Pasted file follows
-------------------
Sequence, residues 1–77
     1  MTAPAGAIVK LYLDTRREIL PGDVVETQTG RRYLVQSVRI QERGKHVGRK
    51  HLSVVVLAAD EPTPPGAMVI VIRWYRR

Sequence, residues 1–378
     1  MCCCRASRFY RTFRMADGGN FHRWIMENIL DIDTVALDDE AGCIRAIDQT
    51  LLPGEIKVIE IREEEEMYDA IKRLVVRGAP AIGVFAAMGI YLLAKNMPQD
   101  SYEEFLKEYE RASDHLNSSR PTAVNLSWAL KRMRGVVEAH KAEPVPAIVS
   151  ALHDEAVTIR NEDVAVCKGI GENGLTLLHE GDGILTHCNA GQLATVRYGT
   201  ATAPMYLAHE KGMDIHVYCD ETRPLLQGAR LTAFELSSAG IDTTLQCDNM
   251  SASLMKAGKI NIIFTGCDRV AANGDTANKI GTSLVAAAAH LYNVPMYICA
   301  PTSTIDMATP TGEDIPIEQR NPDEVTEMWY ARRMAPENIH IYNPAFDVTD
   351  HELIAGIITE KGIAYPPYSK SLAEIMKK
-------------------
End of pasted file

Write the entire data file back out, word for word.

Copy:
Sequence, residues 1–77
     1  MTAPAGAIVK LYLDTRREIL PGDVVETQTG RRYLVQSVRI QERGKHVGRK
    51  HLSVVVLAAD EPTPPGAMVI VIRWYRR

Sequence, residues 1–378
     1  MCCCRASRFY RTFRMADGGN FHRWIMENIL DIDTVALDDE AGCIRAIDQT
    51  LLPGEIKVIE IREEEEMYDA IKRLVVRGAP AIGVFAAMGI YLLAKNMPQD
   101  SYEEFLKEYE RASDHLNSSR PTAVNLSWAL KRMRGVVEAH KAEPVPAIVS
   151  ALHDEAVTIR NEDVAVCKGI GENGLTLLHE GDGILTHCNA GQLATVRYGT
   201  ATAPMYLAHE KGMDIHVYCD ETRPLLQGAR LTAFELSSAG IDTTLQCDNM
   251  SASLMKAGKI NIIFTGCDRV AANGDTANKI GTSLVAAAAH LYNVPMYICA
   301  PTSTIDMATP TGEDIPIEQR NPDEVTEMWY ARRMAPENIH IYNPAFDVTD
   351  HELIAGIITE KGIAYPPYSK SLAEIMKK